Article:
There is a set of 10 rules they operate by:

1. Local country offices are babes-in-the-woods, and cannot even blow their own noses without barrels of help from these Regional Offices;
2. If someone points out that things are going wrong (whether or not they actually are), then surely the Local Office/s would have goofed up;
3. The key to acting as a flawless conduit between Local Offices and Global Office is to bury the Local Office under reams of reporting. Such reporting has only one parallel - a Country's Bureaucracy and the red tape that results there from;
4. Huge amounts of meaningless data must be sent in response to any request for help from the Local Office/s - in fact, the effort the Local Office/s must put in to get any meaningful stuff out of this should be approximately similar to that of getting 10 gms of gold from almost a ton of ore mined in South Africa;
5. The clients are always right;
6. Corollary to that - the Local Office/s are always wrong;
7. Global Office is always right;
8. When Global Office or client asketh, you are not to reason why;
9. Activity and work are not necessarily co-related (almost no work may get done while the activity generated by them may fill many a 150 hours-a-month time sheets for multiple resources at Local Office/s);
10. And last but not the least, processes and SLAs take precedence over deliverables.

With such clear set of rules, they naturally generate the same level of frustration amongst the Local Office/s as is experienced by a typical gamer while he's trying to master the newest version of his/her favourite game just after its release.

If Global Office crowd is 'Gods', the Regional Office crowd is no less than 'Demi Gods'. Their visits lead to hurried purchases and gifting of books/DVDs on the Local Office location. Many a times, ATG happens (those in Hotel Industry must be familiar with this TLA - for the lesser mortals, it means 'Aarti-Tika-Garland', and while we are at it, TLA means 'Three Lettered Acronym).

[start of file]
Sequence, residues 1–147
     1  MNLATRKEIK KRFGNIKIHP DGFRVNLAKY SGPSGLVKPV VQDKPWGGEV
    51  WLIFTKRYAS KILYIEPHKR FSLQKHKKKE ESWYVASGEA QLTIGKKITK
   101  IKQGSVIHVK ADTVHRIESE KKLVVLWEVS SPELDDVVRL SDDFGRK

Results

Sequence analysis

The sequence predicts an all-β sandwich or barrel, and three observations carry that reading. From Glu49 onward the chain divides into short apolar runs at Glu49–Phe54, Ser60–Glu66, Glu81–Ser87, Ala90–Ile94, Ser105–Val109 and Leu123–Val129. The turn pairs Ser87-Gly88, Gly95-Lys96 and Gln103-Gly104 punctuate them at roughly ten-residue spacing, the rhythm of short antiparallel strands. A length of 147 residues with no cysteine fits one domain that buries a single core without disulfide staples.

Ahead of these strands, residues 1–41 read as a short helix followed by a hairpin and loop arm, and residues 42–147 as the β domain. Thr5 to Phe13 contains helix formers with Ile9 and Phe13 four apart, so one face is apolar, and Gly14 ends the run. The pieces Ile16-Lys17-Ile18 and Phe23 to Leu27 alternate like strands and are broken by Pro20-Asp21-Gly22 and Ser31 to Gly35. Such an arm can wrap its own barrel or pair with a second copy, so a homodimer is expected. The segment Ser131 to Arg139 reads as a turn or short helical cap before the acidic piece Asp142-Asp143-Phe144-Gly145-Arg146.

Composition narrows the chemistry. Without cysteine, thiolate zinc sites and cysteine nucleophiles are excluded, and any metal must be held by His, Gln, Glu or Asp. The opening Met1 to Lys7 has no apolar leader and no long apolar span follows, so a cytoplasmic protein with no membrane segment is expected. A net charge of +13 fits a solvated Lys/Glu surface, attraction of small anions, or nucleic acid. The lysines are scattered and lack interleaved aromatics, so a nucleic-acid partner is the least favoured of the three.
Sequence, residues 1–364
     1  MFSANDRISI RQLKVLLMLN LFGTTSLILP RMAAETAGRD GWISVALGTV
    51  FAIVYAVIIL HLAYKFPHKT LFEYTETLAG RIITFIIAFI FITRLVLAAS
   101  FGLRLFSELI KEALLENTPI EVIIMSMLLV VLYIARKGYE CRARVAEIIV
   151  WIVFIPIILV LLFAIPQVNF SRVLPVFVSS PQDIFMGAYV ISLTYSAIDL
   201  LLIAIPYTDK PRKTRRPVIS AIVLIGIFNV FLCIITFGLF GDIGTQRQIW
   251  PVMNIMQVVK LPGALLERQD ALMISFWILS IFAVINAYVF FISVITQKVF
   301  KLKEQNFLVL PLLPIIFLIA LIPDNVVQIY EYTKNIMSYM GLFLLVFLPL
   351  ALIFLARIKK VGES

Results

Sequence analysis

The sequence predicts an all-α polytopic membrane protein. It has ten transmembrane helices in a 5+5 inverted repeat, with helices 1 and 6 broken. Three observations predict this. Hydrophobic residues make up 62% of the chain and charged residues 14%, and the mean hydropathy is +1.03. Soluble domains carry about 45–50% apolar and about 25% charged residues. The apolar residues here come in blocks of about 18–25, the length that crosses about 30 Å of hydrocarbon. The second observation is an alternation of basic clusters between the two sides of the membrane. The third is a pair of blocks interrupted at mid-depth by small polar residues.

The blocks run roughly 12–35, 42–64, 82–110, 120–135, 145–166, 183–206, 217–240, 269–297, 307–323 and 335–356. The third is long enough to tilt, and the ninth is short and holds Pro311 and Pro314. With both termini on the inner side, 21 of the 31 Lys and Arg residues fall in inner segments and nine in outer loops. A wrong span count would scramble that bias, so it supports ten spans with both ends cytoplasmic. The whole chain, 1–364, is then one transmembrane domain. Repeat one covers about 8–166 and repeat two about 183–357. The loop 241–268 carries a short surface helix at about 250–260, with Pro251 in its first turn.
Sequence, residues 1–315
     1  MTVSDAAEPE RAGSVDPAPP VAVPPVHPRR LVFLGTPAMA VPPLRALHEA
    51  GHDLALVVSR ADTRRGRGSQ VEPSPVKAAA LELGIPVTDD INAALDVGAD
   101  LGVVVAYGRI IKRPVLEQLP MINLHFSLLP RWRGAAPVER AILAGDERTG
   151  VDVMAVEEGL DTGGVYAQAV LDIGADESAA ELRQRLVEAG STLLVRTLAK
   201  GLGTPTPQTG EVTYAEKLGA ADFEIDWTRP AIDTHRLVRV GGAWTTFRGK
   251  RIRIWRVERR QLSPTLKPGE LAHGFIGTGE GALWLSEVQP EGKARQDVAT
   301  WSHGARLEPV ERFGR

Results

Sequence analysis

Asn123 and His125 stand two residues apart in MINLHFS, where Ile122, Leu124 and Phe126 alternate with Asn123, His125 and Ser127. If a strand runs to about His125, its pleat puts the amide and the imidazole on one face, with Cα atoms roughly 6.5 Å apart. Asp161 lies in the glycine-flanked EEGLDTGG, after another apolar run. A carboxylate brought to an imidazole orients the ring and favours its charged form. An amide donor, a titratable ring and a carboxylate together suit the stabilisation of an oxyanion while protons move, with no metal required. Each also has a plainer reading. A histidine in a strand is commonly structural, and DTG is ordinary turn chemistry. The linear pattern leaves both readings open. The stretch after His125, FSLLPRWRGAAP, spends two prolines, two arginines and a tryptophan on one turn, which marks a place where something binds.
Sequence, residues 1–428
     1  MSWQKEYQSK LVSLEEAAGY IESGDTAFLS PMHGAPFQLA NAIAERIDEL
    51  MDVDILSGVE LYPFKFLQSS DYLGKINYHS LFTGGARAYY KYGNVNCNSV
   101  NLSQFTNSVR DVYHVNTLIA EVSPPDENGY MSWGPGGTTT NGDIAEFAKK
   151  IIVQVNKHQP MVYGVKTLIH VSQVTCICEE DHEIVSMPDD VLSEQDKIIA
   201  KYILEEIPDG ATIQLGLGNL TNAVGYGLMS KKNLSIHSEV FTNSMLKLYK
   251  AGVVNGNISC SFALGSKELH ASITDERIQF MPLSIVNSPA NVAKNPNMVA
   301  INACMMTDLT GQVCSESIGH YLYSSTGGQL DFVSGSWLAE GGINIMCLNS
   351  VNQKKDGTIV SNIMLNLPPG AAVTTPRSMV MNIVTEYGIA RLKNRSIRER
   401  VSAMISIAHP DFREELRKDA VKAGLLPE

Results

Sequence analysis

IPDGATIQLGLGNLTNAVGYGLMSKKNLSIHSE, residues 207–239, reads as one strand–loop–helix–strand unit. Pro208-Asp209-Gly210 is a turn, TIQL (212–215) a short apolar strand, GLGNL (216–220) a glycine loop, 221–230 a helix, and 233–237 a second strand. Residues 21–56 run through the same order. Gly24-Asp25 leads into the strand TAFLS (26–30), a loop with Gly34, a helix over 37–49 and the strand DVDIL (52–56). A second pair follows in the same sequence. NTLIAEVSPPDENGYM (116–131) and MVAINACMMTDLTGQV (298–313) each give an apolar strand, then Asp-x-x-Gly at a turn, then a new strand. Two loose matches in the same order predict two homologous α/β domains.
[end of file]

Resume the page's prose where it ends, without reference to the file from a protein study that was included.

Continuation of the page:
Whoever mentioned that corporates don't have any sense of humour, just need to take one quick look at the modus operandi of these 'Regional Offices', and I can bet my last dime, their view will hurriedly change.

Since this is supposed to be an objective viewpoint, let's take a look at why these Regional Offices behave the way they do.

These Regional Offices do not handle any clients on their own. More often than not, they get somewhat euphemistic job roles, and even more nebulous appraisal criteria. They are required to visit and be helpful to the Local Offices in their region. When they do, chances are they may end up impinging upon the Local Office/s' time. Lest it is seen as an unwelcome infringement, they need to invent ways to make their visits come across as important. While they are not travelling, they need to come across as busy and delivering to the larger organisational vision and objective.

These are no small challenges - and hats off to the smart guy or guys who contributed to creating this robust list of rules which all these Regional Offices live and die by.

These rules have led to assignation of such lovely descriptors for these Regional Offices as 'Watch Dogs', 'Dogs in the Manger', 'Wet Blankets', 'Stooges', 'the set that doesn't know its a** from its elbow'.

But let me remind you - these Regional Offices are a necessary evil. We, by now, have deliberated enough over the 'evil' part. But what makes them 'necessary'?

Surely, those of you you who have come across these 'Regional Offices', also have their Global Offices tucked away in some remote (or not-so-remote) corner of Europe or USA. All such sufferers would have also faced a perennial phenomenon called ConCalls (wonder why they have stopped calling these 'conference calls'). Typically, these calls happen with a blatant disregard to the time gap between the Global Office market and these Local Office markets. Willy-nilly, the Local Offices end up holding on to the short end of the stick. This is where these Regional Offices play a crucial role. Enough and more times, you can depend on them to attend and debrief you about what happened (or didn't happen) during these calls. You don't have to be on these calls at all kinds of odd hours. This is ONE important role they play for the Local Office/s which justifies their existence.

Another smaller, but still significant role they play is that of being the first punching bag for the Global Office. As everything else, even these punches get diluted by the time they travel from the Regional Office to the Local Office/s.

I am positive that the readers of this little piece will have a thing or two to add to this. For doing so, kindly do write to me and I will definitely make an attempt to incorporate as much of that feedback as possible.